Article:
Monday, June 9, 2008

Rethinking the Camelbak

Climbers in every venue tend to get dehydrated. It's always too cold or too hot or it takes too long to stop. Most people are able to tell when they become dehydrated. There are some obvious signs like yellow pee or lethargy. But these signs are late symptoms of a dehydrated body.

Camelbaks and other hydration bladders have made it much easier for climbers to take-in fluids while moving. There is one problem with this piece of equipment. It tends to freeze in cold weather.

There are some simple techniques that may be utilized to keep this from happening.
  1. Purchase and use a thermal control kit. The tube cover is the most important component of this accessory. You may need to cut off the mouth cover. The mouth cover gets in the way of the hydrolock. Following is a photo of a thermal control kit:
  2. Purchase and use a hydrolock. This device keeps the camelbak from leaking. This is especially important at night. In order to keep the bladder from freezing during the coldest hours, you will need to keep it inside of your sleeping bag. If you do not have a lock on the bite valve, you may accidently roll onto the valve and soak your sleeping bag. Following is a photo of a hydrolock:

  3. Every time you take a drink, be sure to blow the water out of the tube and back into the bladder. The most likely place for water to freeze is in the tube and in the bite valve. Blowing the water back inside makes this less likely to happen.

  4. When you are moving in a cold environment, keep the bite valve tucked into the neck of your jacket. This will keep any extra drops of water from freezing.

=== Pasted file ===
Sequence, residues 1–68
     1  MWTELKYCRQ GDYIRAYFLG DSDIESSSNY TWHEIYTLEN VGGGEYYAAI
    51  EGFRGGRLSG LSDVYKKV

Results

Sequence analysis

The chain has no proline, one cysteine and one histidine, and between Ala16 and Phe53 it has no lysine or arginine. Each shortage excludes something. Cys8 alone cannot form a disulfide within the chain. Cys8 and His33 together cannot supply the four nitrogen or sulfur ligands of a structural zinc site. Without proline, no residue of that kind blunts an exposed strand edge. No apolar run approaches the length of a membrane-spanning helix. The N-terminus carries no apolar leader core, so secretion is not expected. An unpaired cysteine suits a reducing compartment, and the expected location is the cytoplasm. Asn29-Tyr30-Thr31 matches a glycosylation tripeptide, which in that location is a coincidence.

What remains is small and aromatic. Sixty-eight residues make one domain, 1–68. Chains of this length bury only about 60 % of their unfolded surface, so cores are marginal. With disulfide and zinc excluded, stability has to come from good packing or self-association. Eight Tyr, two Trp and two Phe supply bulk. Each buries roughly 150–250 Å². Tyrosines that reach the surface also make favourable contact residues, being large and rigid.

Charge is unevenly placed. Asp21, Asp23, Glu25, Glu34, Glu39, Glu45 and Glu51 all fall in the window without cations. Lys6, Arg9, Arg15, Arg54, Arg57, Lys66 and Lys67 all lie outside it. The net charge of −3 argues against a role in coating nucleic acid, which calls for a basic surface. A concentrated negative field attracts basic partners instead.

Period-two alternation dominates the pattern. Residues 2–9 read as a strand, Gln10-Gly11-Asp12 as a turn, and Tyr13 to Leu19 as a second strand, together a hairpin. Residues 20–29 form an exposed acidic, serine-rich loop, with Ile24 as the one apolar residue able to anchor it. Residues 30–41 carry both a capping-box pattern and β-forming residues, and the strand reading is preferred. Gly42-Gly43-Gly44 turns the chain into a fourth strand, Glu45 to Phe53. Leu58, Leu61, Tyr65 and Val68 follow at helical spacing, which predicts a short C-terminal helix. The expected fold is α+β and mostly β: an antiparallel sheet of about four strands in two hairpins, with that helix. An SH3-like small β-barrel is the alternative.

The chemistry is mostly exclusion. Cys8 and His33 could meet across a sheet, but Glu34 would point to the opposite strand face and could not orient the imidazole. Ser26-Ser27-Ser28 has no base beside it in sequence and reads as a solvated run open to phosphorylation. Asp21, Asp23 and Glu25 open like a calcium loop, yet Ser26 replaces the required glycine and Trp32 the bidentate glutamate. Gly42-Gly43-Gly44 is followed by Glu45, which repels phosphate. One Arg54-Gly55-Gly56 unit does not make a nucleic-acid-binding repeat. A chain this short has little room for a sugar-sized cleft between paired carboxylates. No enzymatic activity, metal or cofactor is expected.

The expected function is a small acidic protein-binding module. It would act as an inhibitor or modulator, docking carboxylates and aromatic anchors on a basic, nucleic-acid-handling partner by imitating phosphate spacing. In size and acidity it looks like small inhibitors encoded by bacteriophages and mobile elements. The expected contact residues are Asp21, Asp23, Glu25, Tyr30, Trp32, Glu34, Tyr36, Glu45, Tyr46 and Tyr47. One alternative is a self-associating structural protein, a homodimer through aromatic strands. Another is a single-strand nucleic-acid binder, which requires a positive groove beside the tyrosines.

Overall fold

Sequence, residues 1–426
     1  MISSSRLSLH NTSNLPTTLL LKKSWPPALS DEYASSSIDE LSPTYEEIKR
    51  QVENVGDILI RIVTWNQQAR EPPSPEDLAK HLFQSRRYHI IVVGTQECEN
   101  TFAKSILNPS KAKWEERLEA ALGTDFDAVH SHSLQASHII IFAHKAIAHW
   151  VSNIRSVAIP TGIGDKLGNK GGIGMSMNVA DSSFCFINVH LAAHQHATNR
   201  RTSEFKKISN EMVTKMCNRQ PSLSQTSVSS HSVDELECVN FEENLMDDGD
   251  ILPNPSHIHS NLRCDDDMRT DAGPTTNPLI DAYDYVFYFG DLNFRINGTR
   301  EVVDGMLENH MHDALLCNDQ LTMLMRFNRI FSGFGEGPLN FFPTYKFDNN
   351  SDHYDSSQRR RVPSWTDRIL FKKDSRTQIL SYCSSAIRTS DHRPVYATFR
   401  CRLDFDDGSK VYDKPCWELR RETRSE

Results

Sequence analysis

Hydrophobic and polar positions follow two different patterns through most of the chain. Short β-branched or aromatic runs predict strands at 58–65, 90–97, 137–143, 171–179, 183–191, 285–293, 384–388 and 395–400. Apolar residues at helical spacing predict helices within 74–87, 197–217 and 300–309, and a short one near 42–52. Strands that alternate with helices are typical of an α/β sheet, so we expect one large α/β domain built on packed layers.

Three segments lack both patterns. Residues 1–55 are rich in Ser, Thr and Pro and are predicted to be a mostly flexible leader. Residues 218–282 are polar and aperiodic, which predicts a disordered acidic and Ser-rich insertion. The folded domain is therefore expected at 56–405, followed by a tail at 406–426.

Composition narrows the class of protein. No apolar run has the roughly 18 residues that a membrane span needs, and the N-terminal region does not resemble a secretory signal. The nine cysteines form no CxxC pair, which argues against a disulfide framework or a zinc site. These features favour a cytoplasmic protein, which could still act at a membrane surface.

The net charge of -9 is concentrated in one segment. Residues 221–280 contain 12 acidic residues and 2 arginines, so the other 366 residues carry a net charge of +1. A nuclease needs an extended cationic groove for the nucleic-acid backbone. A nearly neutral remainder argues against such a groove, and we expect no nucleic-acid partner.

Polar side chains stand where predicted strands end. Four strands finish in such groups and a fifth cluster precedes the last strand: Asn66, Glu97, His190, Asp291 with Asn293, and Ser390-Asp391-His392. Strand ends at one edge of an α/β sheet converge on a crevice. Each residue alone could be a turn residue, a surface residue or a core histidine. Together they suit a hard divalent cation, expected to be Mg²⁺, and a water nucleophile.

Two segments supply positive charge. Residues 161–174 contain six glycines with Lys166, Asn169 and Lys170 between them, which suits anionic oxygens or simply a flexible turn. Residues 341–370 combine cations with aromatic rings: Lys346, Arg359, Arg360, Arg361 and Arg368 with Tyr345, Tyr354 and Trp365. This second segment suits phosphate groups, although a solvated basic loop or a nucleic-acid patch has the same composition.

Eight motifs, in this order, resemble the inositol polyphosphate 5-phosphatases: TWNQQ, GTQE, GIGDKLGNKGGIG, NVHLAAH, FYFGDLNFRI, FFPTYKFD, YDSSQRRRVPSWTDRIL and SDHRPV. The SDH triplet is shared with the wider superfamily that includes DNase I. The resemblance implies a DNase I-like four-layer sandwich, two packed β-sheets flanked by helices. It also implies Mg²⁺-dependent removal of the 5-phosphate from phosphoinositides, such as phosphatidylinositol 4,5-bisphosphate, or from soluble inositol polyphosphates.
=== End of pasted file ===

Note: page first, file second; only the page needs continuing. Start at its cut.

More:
5. In extremely cold environments like on Denali or in South America, you might have to wear the camelbak underneath your jacket. This makes wearing a pack uncomfortable, but keeps your water from freezing.

  6. In the most extreme cases, while wearing the bladder on your back, you might even thread the tube so that it goes down your sleeve and comes out at your wrist.
It is extremely important to be vigilant about keeping a bladder from freezing. It is also important to have a normal water bottle just in case you make a mistake. It is very difficult to thaw out a Camelbak after it's frozen in a cold environment.

--Jason D. Martin

1 comment:

Anonymous said...


Excellent advice. I wore my Camelbak under a few clothing layers on the Emmons Glacier route on Rainier a couple years ago (a climb you were guiding). Worked great, no freezing issues. I had a little extra cord at Camp Sherman that I used to rig up a harness to wear the bladder.

Unfortunately, I'm on to the hate stage of a love-hate relationship with Camelbaks. Lately, they've been leaking for me whenever exposed to any pressure. After using them for pillows for years without a problem, I've experienced several leaks in the last year. Also, I've had them leak when in a well stuffed backpack.